There are two cabinets of icecream to drool over too

Not all the customers are older or here for a bit of nostalgia. There are dinosaur sweets, assorted sours and what seem to be transformers. There’s also a special on waffles with hot chocolate and there’s every kind of ice cream you can imagine. I expect that it's standing room only here in summer, but today there are only a few people about and a coachload of schoolchildren who have been to the historic goal. I peer through small paned windows and poke around in some of the tiny shops.  The whole place reminds me of an English jigsaw puzzle we once had which depicted neat cottages behind perfectly trimmed hedges. Even the garbage bin is faintly artistic.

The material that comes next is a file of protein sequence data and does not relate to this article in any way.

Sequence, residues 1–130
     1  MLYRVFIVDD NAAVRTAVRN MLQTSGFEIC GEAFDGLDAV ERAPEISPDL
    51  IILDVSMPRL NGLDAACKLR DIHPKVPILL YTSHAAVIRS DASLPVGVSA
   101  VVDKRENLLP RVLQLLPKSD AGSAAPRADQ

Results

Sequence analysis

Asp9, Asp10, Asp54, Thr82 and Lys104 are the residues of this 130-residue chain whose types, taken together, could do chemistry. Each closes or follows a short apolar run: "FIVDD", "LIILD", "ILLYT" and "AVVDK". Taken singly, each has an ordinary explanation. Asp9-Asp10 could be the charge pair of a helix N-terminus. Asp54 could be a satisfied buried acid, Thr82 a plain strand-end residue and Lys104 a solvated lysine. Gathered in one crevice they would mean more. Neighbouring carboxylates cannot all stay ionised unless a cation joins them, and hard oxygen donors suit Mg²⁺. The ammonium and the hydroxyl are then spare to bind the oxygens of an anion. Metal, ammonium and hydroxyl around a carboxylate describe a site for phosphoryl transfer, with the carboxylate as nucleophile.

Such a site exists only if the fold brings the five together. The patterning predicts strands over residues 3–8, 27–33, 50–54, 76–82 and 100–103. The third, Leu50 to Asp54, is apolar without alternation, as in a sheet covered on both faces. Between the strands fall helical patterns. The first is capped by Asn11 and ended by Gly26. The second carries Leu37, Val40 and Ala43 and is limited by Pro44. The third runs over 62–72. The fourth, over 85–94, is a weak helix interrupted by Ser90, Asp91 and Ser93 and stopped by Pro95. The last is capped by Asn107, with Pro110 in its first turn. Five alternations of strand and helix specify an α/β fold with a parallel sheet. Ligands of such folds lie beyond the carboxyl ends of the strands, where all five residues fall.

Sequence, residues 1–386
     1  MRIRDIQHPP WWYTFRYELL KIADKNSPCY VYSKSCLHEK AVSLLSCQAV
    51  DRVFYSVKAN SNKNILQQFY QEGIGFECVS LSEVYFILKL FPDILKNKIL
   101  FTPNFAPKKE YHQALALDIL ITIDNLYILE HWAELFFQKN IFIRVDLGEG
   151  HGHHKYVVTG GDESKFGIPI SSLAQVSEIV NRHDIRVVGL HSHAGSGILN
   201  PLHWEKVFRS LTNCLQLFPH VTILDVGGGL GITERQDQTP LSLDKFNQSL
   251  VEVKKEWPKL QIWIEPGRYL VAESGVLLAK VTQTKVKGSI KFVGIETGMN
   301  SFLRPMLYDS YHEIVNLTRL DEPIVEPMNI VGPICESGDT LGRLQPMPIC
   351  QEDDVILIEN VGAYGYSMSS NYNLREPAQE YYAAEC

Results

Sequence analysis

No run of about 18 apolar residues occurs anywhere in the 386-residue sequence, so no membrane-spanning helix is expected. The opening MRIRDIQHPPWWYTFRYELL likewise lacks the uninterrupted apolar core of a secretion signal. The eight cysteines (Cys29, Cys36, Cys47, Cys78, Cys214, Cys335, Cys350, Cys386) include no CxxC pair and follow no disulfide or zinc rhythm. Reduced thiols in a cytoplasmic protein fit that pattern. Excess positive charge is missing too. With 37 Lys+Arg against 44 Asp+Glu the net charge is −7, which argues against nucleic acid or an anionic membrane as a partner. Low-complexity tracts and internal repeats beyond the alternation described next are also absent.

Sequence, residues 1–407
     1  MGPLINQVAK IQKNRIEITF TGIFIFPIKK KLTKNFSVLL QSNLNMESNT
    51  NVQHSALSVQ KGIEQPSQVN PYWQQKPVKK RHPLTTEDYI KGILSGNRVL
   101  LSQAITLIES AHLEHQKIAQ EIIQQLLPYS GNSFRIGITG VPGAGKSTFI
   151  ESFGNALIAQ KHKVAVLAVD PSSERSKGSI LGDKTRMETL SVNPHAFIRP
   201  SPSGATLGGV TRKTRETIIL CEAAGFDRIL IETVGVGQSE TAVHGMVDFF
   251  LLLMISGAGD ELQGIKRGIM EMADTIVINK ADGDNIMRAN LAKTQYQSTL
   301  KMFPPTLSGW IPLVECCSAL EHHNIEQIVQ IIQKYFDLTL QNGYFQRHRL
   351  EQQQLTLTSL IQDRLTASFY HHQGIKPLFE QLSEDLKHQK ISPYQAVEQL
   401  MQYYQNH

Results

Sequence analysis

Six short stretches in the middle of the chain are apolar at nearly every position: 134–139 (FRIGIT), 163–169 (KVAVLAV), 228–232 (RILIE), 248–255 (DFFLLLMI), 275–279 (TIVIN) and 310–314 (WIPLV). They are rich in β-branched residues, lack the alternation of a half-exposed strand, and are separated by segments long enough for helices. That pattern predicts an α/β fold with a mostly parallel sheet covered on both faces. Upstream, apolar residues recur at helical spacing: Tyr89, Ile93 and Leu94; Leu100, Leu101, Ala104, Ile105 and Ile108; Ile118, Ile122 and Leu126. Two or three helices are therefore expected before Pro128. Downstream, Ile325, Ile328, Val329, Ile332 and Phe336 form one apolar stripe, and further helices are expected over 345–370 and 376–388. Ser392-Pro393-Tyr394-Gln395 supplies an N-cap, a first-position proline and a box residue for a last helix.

A tiny coffee nook
A peek inside other shops

Handmade jewellery sparkles in this one

Shop keepers take the time to talk

Venetian Glass sparkles in another


There are antique shops, galleries and craft outlets aplenty, not to mention all the other opportunities to eat, drink and generally ruin one's diet

Even Richmond's garbage bins seem to have a certain style


I leave before the sun gets too low. It will be dark soon and I am going to a children’s drama performance later this afternoon. I feel vaguely guilty as if I have wagged school, but I have enjoyed the little break. Every sunny winter’s day in Tasmania should be a public holiday, Vitamin D deprived as we are.


Look out Lollipops - next time I'll be bringing the tasting team!

I apologise for not having any heroic outdoor adventures to report. I am a fair weather walker and the days have been too cold and short. - More soon - enjoy your summer you Northerners!